Jackson Hole Economic Policy Symposium — Structural shifts in the global economy
Remarks by DG Okonjo-Iweala
Globalization at an inflection point?
Excellencies, ladies and gentlemen,
I’m really delighted to be here — thank you to Joe Gruber and the Federal Reserve Bank of Kansas City for the invitation.
The past three years have reminded us how much trade, on both the supply and demand sides, matters for macroeconomic stability. I’m convinced it’s important for central bankers and the trade community to work together. That’s why I left the G20 trade ministers’ meeting in India at the halfway point and flew straight here to join you. Jaipur to Jackson Hole was a new itinerary for me.
The COVID-19 pandemic and the war in Ukraine exposed vulnerabilities in global supply chains, with disruptions and delays leading to product shortages and price spikes.
Sustained inflation has made a comeback across the rich world. And even as the picture improves within many advanced economies, spurring hopes of soft landings, monetary tightening has exacerbated debt distress and financial instability for dozens of developing economies.
Some policymakers have looked at these shocks, alongside rising geopolitical tensions, and concluded that globalization needs to be rolled back.
Over the next fifteen minutes or so, I will make the case that we should not wish globalization away. But I will argue that we can — indeed we must — improve it, and that doing so offers opportunities to advance growth, resilience, sustainability, and price stability.
I will make three main points.
- First, predictable trade is a source of disinflationary pressure, reduced macro volatility, and increased economic resilience. It has also been a major contributor to global growth and poverty reduction. Economic fragmentation would be painful.
- Second, falling trade costs for goods and especially for services mean that globalization can still be an engine for increased growth, efficiency, and economic opportunities, while also contributing to price moderation.
- Third, supply chains are already shifting in response to changing risks, costs, and technologies. These shifts create opportunities to bring in more countries into globalized production networks. This process, what we at the WTO are calling “re-globalization”, offers potential to boost productivity, growth, development, and long-term price stability.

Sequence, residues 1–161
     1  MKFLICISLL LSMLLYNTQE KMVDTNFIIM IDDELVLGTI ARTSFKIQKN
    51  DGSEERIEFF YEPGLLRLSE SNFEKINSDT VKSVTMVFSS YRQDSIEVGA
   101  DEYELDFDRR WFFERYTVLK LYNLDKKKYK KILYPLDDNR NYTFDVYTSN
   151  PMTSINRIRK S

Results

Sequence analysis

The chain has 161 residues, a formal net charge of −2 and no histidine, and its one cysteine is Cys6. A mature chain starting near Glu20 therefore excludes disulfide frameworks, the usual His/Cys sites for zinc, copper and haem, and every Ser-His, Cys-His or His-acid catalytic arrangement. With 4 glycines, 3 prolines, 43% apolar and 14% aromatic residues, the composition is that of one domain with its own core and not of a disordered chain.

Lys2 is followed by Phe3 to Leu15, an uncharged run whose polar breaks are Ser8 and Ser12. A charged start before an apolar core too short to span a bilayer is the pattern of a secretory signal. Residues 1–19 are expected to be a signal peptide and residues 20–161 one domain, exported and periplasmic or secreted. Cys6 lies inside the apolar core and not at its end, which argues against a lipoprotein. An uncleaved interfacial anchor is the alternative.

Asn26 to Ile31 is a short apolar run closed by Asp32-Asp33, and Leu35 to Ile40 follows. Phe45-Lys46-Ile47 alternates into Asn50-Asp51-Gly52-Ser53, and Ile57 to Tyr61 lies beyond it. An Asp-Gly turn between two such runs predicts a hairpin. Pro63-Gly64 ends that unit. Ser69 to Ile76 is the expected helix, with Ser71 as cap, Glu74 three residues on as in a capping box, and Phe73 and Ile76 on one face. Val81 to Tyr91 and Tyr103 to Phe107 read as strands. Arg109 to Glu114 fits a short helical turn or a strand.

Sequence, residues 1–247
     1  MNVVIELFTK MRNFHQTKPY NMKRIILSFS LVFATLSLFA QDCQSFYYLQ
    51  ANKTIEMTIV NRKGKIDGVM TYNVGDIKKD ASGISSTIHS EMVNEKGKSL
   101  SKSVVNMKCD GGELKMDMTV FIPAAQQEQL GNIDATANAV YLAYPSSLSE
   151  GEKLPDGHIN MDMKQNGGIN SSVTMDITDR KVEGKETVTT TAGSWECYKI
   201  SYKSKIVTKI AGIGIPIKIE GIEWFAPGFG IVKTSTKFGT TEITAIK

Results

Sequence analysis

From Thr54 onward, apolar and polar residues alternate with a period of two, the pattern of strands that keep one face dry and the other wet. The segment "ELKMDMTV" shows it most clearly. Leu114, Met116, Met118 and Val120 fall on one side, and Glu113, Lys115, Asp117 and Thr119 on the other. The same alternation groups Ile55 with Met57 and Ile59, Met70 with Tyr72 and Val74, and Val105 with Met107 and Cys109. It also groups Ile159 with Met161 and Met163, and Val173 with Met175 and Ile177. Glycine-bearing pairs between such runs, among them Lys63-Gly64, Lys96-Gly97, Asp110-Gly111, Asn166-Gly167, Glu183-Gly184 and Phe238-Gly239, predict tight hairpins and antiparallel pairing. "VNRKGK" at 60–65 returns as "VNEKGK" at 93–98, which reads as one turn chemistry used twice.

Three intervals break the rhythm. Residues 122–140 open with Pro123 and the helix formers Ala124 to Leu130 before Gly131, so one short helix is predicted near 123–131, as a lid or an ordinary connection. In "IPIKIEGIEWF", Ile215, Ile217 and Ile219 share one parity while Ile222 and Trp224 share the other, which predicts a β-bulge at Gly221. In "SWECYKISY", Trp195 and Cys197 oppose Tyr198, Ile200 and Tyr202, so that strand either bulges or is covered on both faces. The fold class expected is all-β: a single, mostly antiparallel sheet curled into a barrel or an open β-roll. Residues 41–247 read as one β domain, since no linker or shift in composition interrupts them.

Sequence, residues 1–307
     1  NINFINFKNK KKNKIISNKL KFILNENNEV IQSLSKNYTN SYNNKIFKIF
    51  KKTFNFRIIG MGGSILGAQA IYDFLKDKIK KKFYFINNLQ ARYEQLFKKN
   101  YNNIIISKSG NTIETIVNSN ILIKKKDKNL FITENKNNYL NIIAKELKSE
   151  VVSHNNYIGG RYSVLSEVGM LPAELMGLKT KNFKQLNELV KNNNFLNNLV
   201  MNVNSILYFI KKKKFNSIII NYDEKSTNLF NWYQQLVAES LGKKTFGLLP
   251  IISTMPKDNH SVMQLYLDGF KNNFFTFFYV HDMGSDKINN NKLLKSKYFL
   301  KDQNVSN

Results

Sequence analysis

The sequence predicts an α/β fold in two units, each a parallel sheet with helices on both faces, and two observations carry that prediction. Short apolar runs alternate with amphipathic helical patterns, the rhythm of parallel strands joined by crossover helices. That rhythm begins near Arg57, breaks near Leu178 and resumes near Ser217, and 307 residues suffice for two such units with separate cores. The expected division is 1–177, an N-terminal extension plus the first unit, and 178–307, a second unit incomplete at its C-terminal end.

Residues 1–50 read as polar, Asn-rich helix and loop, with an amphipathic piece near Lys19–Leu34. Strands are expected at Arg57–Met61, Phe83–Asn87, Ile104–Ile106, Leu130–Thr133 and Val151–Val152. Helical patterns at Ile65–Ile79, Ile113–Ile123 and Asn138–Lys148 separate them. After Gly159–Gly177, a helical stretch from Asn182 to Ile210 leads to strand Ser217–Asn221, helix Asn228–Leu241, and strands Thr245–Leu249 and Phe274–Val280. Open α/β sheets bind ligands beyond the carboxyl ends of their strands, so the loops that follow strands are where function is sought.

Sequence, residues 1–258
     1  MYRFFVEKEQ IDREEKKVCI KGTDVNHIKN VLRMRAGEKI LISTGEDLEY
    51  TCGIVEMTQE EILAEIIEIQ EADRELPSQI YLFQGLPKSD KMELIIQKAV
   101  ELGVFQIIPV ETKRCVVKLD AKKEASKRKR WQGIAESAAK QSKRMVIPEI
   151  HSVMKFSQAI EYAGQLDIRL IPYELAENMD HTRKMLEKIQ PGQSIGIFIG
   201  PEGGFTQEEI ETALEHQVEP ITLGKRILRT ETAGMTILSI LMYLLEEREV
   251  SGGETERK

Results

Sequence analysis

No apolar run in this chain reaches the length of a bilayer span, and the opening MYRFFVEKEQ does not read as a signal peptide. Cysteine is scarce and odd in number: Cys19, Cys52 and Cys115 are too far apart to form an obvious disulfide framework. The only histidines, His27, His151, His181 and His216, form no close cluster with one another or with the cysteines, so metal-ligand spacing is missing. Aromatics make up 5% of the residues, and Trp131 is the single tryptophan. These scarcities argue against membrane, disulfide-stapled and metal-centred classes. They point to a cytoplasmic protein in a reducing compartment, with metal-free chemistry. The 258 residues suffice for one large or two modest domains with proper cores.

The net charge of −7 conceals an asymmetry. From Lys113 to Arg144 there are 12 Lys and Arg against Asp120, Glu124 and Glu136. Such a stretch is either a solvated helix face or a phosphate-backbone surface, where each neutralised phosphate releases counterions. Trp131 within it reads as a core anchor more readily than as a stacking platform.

Seizing these opportunities requires open and predictable international markets, anchored in a strong and effective rules-based multilateral trading system.
Our credibility at the WTO — that is, the extent to which people believe that governments will maintain market conditions broadly in line with multilateral rules and commitments — will help central banks with their credibility. The converse holds as well: a less predictable world for trade will make life more complicated for central bankers.
So let’s start by looking back at how trade has performed.
By expanding the international division of labour, international trade has fostered the productivity improvements that come with increased specialization, scale, and competition. For developing economies in particular, access to external demand has enabled rapid export-led growth.
Predictably open international markets, anchored in the GATT/WTO system, were critical in making trade an engine for global prosperity: market actors could scale up investment and orders, and be reasonably confident that they would not be unexpectedly cut off from export markets or imports.
Since the beginning of the 1990s, when the Uruguay Round of multilateral liberalization was complemented by market-oriented reforms in China, Eastern Europe, India, and other emerging markets, international trade has grown seven-fold in value terms, and quadrupled in volume.
Open markets combined with better communications to allow manufacturing production and processing to be unbundled into multi-country supply chains. This lowered the bar for entry into global markets — and for accessing the knowhow and productivity gains that come with participation in those production networks.
The boom in trade was a pivotal factor in the sharp reduction in extreme poverty, from nearly 38% of the global population in 1990 to just over 8% in 2019, according to World Bank data.
With regard to prices, there is considerable evidence that trade liberalization and the rise of modern supply chains were disinflationary